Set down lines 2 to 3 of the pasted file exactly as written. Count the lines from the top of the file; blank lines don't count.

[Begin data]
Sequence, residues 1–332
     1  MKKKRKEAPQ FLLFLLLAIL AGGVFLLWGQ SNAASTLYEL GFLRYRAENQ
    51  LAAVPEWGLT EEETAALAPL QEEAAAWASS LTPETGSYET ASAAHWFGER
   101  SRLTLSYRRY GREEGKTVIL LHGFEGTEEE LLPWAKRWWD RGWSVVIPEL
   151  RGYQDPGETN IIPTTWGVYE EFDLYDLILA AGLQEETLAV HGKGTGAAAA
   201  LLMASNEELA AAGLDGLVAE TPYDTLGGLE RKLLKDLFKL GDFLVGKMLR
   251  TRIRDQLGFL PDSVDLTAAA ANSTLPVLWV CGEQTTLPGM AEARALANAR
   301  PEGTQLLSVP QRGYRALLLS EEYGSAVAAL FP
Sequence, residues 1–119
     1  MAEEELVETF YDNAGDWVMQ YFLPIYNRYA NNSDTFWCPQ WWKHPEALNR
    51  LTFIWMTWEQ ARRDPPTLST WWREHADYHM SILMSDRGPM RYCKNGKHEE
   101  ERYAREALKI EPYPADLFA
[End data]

     1  MKKKRKEAPQ FLLFLLLAIL AGGVFLLWGQ SNAASTLYEL GFLRYRAENQ
    51  LAAVPEWGLT EEETAALAPL QEEAAAWASS LTPETGSYET ASAAHWFGER